A tale of two cheeses

I mentioned earlier this year that I’ve been making fresh goat’s cheeses, like Feta, Halloumi and Chèvre. Do you recall me saying “It doesn’t seem amazingly hard (so far)”?

So how hard can it be™ to make an aged cheese? Can you guess?


Drunken Goat

As soon as I heard the words “Drunken Goat Cheese” I knew I had to make this one. You may also have seen this called Cabra al Vino. It’s basically cheese that is soaked in red wine before it is aged. Sounds amazing, right?!

I compared two different recipes for this one, and ended up mostly following the instructions in the second (there is a lot of detail with pictures on cheesemaking.com):

The make itself went really well, to the point where it smelled fantastic and I couldn’t wait to try the cheese! The only hitch being that I’d need to age the cheese for a few months before it would be ready to eat.

  • Newly pressed cheese
  • Cheese after it has been brined
  • Cheese after soaking in red wine
  • Cheese after second soak, with a hand for scale

Easy, right?

To age a cheese you need a place that is both humid and cool. Not as cold as a typical fridge, and a whole lot more humid (about 85% is perfect).

So I built a cheese cave!

It’s an old bar fridge (the kind without any auto-defrost features) with the freezer shelf removed.

I’m using some pine boards that I washed with vinegar and left in the sun for a few hours as a place to rest the cheese.

I keep it at about 11ºC using an InkBird thermostat power point gadget (no need to hack the fridge, the temperature sensor just slips inside the door seal and the power is switched off and on if the fridge gets too cold or warm).

Water beading on the roof of the fridge means the humidity is at about 100%

The trouble is, the “cave” sits at about 100% humidity when there’s a moist cheese inside, which is too wet.

Any cheese I put in here grows a lot of mould. 🤨

I couldn’t keep the mould on my Drunken Goat cheese under control, so I tried to work with the mould instead of against it. I attempted to put a schmier onto the cheese:

Every day I brushed some of the liquid in the jar (a weak red wine brine) onto the cheese and the boards underneath.

I flipped the cheese every other day.

This is meant to build up a layer of friendly bacteria that prevents mould from getting into the cheese.

Furry, mouldy cheese

This worked, to an extent. Guess what: no mould got inside the paste of my cheese! However …

… my lovely Drunken Goat Cheese grew a huge variety of mould on the surface, some of which smelt awful (musty).

It cleaned up beautifully after I washed the mould away using white wine.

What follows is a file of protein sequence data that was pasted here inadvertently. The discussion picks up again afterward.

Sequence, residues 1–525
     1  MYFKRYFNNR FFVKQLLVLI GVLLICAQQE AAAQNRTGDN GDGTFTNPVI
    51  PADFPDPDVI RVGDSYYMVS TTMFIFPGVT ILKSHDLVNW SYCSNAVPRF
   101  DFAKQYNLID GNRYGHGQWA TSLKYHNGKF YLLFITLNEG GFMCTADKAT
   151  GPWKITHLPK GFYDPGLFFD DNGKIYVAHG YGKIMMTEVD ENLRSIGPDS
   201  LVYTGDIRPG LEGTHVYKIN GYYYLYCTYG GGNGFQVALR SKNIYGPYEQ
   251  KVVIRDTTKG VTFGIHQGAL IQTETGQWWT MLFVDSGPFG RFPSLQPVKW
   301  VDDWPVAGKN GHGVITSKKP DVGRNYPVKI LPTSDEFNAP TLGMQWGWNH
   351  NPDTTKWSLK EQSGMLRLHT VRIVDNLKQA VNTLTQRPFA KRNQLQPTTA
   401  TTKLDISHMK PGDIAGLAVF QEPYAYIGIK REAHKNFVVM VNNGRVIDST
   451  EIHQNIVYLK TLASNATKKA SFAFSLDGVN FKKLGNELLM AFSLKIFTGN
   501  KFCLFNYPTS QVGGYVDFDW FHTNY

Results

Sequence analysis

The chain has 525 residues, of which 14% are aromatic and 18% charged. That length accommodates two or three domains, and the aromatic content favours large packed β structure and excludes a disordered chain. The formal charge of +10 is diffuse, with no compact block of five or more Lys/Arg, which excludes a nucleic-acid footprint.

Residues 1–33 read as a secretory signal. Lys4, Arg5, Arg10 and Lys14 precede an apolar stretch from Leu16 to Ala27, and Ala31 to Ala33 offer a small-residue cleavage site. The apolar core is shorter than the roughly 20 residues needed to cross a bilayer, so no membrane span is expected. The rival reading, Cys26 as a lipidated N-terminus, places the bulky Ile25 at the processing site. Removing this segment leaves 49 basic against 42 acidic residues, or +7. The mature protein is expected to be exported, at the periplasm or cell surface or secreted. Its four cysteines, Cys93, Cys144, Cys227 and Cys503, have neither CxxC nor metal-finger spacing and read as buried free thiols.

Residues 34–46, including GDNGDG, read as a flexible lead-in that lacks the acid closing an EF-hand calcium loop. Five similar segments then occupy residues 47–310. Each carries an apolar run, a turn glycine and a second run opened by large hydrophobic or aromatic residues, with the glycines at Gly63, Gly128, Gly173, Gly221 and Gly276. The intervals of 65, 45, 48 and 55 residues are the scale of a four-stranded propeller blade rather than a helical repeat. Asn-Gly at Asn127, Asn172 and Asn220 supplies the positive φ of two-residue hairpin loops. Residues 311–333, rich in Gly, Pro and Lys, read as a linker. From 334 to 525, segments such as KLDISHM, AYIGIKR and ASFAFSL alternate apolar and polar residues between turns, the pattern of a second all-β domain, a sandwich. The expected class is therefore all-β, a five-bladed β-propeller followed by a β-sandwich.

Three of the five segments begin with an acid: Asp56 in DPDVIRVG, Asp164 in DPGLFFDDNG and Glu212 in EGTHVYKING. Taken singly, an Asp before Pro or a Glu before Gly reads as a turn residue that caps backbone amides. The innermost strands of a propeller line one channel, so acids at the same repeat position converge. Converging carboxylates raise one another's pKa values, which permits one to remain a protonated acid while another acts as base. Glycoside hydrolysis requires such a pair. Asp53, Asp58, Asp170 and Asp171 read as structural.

But it tasted (to me) too foul to eat! 😫

Besides the musty off flavours, the paste of the cheese was dry and tasteless.

Nothing like the soft and fruity flavour I was hoping for!


Colby

Shortly after I made the Drunken Goat cheese, I made a batch of Colby (from my Mad Millie cheese kit instructions).

I must have slept really badly, or taken a dose of forgetfulness with my breakfast muesli because this make went wrong in almost every way it could!

I heated the milk too hot in my double boiler before adding my culture and rennet. Oops!

The milk failed to flocculate for a whole hour (usually this takes less than 15 minutes), so I added more rennet hoping to save it. Oops! It instantly coagulated into a horrible grainy mess.

I soldiered on with the recipe regardless. I took exactly one photo of this cheese make, because by now I was expecting a total fail and was laughing at how badly this was going.

Eventually I managed to press the soggy bloop curd into a cheese shape and brined it (overnight, oops!) and then put it on the bench to start drying out.

About four days later I managed to get the cheese cave set up (oops, too long on the bench!) and popped it in to age with the Drunken Goat.

Yep, that puppy grew some pretty colourful mould!

Colby is not supposed to look like this

I gave up on it after a few weeks, took it out of the cave, removed the mould (with a saturated brine) and left it in the main fridge so it would stop growing mould. I neglected it for another two weeks, after it had dried out and cracked like crazy.

Oh, that cheese was a fail.

But Stephen ate it!

He said apart from the dry cracked bits, it was quite nice as a sandwich cheese. It even smelt faintly cheesy, so that’s something!


Emboldened by this “success” I decided to try a second Colby where I didn’t screw up the make. And this time I waxed the cheese to make sure there was no mould!

Waxed cheese has soooooo much wax

So, how did that go?

Yeah, nope. Last week it started to feel a little squishy inside the super thick layer of wax, so I decided to open it up.

It went “pfffft” when I pushed the knife tip in, letting a puff of gas escape.

That can’t be good!

The trapped gas could easily have formed as a by-product of Botulinum reproduction. No way are we eating that! ARGH! 🥵


So I guess this was the tale of three cheeses, really. And all of them were fails. 🤷🏼‍♀️

I’ll stick to my comfort zone and go back to making delicious Feta for now!

3 thoughts on “A tale of two cheeses

    1. I know!! And it smelled amazing, too (before aging). I’ll try again, but the goats have dropped to 500 mL a day, so probably not until next season (whenever we might get them in kid again).

  1. Oh wow, Jess. What a shame, after all your hard work! I guess that’s why my favourite artisan cheese from our local providors is so pricey. Dad says that’s how cheese rolling competitions were invented.

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